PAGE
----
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She Loves Me

Laura Benanti and Zachary Levi in a new production of “She Loves Me.”

Laura Benanti and Zachary Levi in a new production of “She Loves Me.”


 By Eugene Paul



Swollen with pride after fifty years of producing practical product for Broadway—and rightly so – the Roundabout has restaged in sentimental ardor their first restaged musical of a sentimental delight, She Loves Me. And blew it up far beyond its sentimental, intimate charms.  There isn’t a subtle moment left, outside of exquisite Laura Benanti’s exquisite comic timing, a surprising , major highlight of her gifts. Instead of allowing you to find the pleasures in this old fashioned  treasure, director Scott Ellis goes with his tried and true: he bops you over the head and demands: “ENJOY!”


In his determination to overwhelm us, he has the full cooperation of set designer David Rockwell who has transformed Maraczek’s Parfumerie shop from a charming little bijou into a stage hands’ extravaganza of wondrous labors, turning littleness into bigness, inside out and back again. In living candy colors, a confection gigantica.


Gavin Creel and Jane Krakowski take center stage.JOAN MARCUS/©2016 JOAN MARCUS

Gavin Creel and Jane Krakowski take center stage.


 Ellis has hired stunning Laura Benanti to play mousy Miss Amalia Balash, brought in amazing,  gorgeous Jane Krakowski and her proven backlog of tricks to be not so mousy miss Ilona Ritter, who is having an affair with another one of the perfume shop’s employees, and brought in tall, dark, handsome, funny, charming, matinee idol Zachary Levi to be shy, dull assistant manager Georg Nowack, who writes “Dear Friend” letters anonymously to an equally shy respondent. Little does he know that his darling correspondent is Amalia, right there, in the shop.  Nor does dear Miss Amalia realize that her unknown “Dear Friend” is practically beside her in that very same shop! An “ Awww,c’mon” moment if ever. And director Ellis doesn’t stop.


Maraczek’s parfumerie in downtown, impoverished  Budapest, 1934  -- a hangover of a city if ever there was one – was the absolute inspiration for the Jerry Bock-Sheldon Harnick genius for purveying delicious, digestible schmaltz music, full of nostalgia and calories. Ellis had the bonus security of leaning on the effective, proven romantic sentimentality of the Joe Masteroff book for the show as well, so it’s just good biz sense to pour on the schlock. And don’t they just, enthusiastically, all of them enter into the spirit. Not the show’s original spirit, small, sweet, tender, touching, no, the big new spirit: Bop, bop, bop.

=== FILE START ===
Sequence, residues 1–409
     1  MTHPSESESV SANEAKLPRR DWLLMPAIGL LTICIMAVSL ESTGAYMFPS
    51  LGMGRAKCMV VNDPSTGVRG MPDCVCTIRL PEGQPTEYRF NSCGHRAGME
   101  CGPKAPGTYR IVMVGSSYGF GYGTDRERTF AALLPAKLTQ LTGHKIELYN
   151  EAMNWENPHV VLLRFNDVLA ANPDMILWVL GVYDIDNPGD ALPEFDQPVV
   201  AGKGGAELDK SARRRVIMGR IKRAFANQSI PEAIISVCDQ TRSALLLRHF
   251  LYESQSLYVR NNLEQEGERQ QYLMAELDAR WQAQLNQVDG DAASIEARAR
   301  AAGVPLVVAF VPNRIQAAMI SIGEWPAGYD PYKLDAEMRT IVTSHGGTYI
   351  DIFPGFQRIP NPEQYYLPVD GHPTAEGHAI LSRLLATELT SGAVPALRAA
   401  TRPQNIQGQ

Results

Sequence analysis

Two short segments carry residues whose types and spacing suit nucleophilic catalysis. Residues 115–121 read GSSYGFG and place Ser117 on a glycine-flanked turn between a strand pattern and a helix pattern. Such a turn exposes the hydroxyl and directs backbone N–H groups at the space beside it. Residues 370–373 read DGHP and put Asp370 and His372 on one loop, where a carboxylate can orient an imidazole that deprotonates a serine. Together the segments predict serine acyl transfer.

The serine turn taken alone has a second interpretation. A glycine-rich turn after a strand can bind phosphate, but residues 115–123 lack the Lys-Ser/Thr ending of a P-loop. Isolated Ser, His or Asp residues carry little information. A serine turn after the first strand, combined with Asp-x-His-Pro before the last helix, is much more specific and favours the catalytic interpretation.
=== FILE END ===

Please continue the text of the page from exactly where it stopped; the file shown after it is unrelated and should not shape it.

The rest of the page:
Zachary Levi as Georg and Michael McGrath as Sipos i


For instance, when delicate maiden Amalia finally, finally agrees to meet her “Dear Friend” at the charming, little, intimate Café around the corner, it turns into the notoriously swank Café Imperiale, hangout of the rich and illicit, liaisons at every table, heavy breathing, close, very close dancing, a floor show and a camp sur maitre d’hote (the damnedest Peter Bartlett) who hams beyond ham keeping a kind of kindly eye on little lone her. And when Georg, shy, dynamite Georg, sneaks in –nudged by older, wiser, Sipos, (Micheal McGrath on top of his game) to see at least what his “Dear Friend” look like, it’s enough to make anyone gassy.  Pass the bicarb.


Of course, not to lay that on director Ellis.  It’s where wistful Amalia in the little café sings the achingly beautiful waltz, “Dear Friend”, and you are supposed to melt and you do.  But dear Laura  -- I mean Amalia – has this big, fantastic voice, and, of course, she’s miked, so it’s belted out, to rounds of applause, I might add,  end of first act. Lay that on Ellis. He knows that Benanti can do anything. Even submerge.  Does he ask for that?  Is the Pope Catholic?



The second act has a full complement of big songs “She Loves Me”, “Vanilla Ice Cream”, “A Trip to the Library” and more, and every number is sold, big. Mr. Maraczek (dapper Bryan Jennings who surprises with his big voice) has lousy aim shooting himself, Ilona’s sweetie, Steven Kodaly, God’s gift to Budapest’s women (ditto Gavin Creel) two times her too much and lots of loose means to tie up but everything ends the way it should, doesn‘t it?  Only bigger and better.  The Ellis way.


She Loves Me. At Studio54, at 54th Street near 8th Avenue. Tickets:$53-$157. @hrs, 20 Min. 212-719-1300. Thru June 24.